Shanghai Birding's Elaine Du searches for Great Spotted Woodpecker on Bird Island, across the water. The miniature nature reserve in Century Park remains out of reach of cats (and humans) and teems with birds. Photo taken 7 April 2016.

Singing White’s Thrush at Century Park

by Craig Brelsford

On Thurs. 7 April, Elaine Du and I noted 30 species at Century Park. For the first time in my life, I heard White’s Thrush sing. Many of the wintering species were still very much present, among them 40 Pale Thrush. Bird Island, the sanctuary within a sanctuary in the middle of the park, once again proved its worth, yielding 1 of our 2 Great Spotted Woodpecker as well as all our 18 Oriental Turtle Dove plus Chinese Pond Heron and Grey Heron. One of our Red-flanked Bluetail was a beautiful blue adult male, and we found migrating Stejneger’s Stonechat. Dusky Thrush, 63 of which we found on our last visit on 15 March, have left the park, and we found no Grey-backed Thrush.

Elaine Du updates day list
Elaine Du updates the day list in a quiet area of Century Park, 7 April. The recent rains were bringing forth an earthy odor from the forest floor, the flowers were fragrant, and the herbs were giving off spicy scents. (Craig Brelsford)

On an overcast, quiet weekday that according to the guards at Gate 7 saw the 140-hectare park attract only 2500 visitors, Elaine and I soaked in the peaceful atmosphere. The recent rains brought forth an earthy odor from the forest floor, some of the wildflowers were fragrant, and the herbs we trod on gave off spicy scents.

So quiet was the park that we actually were able to listen to birdsong for sustained amounts of time. Chinese Blackbird, Light-vented Bulbul, and Azure-winged Magpie, the Big 3 residents of Century, created a river of sound, supplemented by some Chinese Grosbeak.

Amid that flow, and with the low rumble being made by the traffic on Huamu Road, I picked out a sound that was definitely being made by a bird but was unlike any I had heard before. It was a one-note, drawn-out, plaintive whistle, haunting and beautiful, with pauses of several seconds in between. Mesmerized, I walked toward the sound, which was coming from the canopy. The song suddenly stopped, and out flew a White’s Thrush. The whole episode was over in a minute or two, and I had not made a recording. But while the memory of the song was still fresh, I played back recordings of the song of White’s Thrush that I have on my iPhone. There was no doubt. The song Elaine and I heard and the song on my phone were the same.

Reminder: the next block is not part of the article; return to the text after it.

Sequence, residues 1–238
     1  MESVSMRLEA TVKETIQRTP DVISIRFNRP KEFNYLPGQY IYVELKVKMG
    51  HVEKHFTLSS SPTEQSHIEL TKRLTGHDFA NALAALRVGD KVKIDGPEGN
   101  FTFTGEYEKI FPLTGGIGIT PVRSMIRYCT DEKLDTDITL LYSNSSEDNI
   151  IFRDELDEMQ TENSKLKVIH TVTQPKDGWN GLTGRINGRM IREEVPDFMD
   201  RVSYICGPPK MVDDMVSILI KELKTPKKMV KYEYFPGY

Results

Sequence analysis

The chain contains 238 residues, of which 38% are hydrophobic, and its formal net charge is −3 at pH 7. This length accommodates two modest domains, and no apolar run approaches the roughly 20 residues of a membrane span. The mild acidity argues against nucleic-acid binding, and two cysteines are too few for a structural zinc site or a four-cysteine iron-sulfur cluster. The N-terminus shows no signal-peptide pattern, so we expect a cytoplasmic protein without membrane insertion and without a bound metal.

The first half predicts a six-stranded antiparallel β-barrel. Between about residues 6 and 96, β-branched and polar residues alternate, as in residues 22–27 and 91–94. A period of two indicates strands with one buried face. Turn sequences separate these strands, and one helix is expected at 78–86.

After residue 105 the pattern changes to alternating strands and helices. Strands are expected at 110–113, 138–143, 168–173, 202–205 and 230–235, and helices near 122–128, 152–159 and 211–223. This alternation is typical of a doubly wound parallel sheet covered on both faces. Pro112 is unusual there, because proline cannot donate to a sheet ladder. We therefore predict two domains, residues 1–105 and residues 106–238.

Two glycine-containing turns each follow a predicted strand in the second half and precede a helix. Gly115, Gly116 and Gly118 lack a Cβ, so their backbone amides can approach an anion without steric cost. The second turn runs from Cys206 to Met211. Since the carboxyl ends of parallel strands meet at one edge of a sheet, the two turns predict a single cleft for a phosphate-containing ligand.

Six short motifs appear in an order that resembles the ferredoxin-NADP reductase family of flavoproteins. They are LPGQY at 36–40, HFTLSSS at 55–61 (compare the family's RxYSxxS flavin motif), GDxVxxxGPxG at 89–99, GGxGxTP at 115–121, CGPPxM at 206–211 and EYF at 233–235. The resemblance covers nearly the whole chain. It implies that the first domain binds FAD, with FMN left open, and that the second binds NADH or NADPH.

We met a man who recently retired from China Customs and is familiar with Western culture. This smart fellow says he exercises at Century Park every day and that so-called Bird Island (31.217405, 121.554936) is devoid of special birds. “鸟岛无鸟,” he said. I knew he was wrong, but I let it go, because appreciating Bird Island requires more knowledge of birds than this gentleman was likely interested in acquiring. He could not see that while Spotted Dove, a “city” bird, are numerous throughout the park as well as in the deepest parts of the inner-city jungle, Oriental Turtle Dove, a more “country” bird, rely greatly on Bird Island. In winter, hundreds of White-cheeked Starling and Red-billed Starling roost on trees on and around the island, and I have seen Mandarin Duck on its shores. Great Spotted Woodpecker, rare in Shanghai, are found there regularly. I have not set foot on Bird Island since 2009, but that’s fine with me because it is possible with binoculars to peer into its forest, and in any case I agree with the principle of Bird Island, which is to confine human beings and cats to the mainland side of its protective moat.

The ticket-takers at Gate 7 told us some interesting facts. Last Monday was Qingming, an important national holiday, and with the fine weather that day, Century received 50,000 visitors. On a typical Saturday or Sunday, they told us, 30,000 to 40,000 visitors pack the Pudong park.

Related Link: Have you viewed our page Birds Recorded at Century Park? There you can view all the species of bird recorded at urban Shanghai’s most birdable park.

Featured image: Elaine Du searches for Great Spotted Woodpecker on Bird Island, visible across the water. The miniature nature reserve in Shanghai’s Century Park remains out of reach of cats (and humans) and teems with birds. (Craig Brelsford)

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Craig Brelsford

Craig Brelsford is the founder of Brelsford lived in Shanghai from 2007 to 2018. Now back home in Florida, Brelsford maintains close ties to the Shanghai birding community and continues his enthusiastic development of this website. When Brelsford departed China, he was the top-ranked eBirder in that country, having noted more than 930 species. Brelsford was also the top-ranked eBirder in Shanghai, with more than 320 species. Brelsford’s photos of birds have won various awards and been published in books and periodicals and on websites all over the world. Brelsford’s Photographic Field Guide to the Birds of China, published in its entirety on this website, is the most Shanghai-centric field guide ever written. Brelsford is a graduate of the University of Florida and earned a master's in business administration at the University of Liege, Belgium.

2 thoughts on “Singing White’s Thrush at Century Park”

  1. Here in hong Kong, “Qingming” is a big festival too, and hill fires are often caused by careless burning around grave sites. Do they ban the actual use of fire by ancestor-worshippers in Shanghai ? I ask because at some places in China people put tinsel ornaments on the graves instead.

    1. Great question, John. I don’t know the answer, because I have seen so few grave sites in the Shanghai region. I do know that Shanghai banned the setting off of fireworks during Spring Festival in the inner city, a policy that earned this writer’s gratitude.

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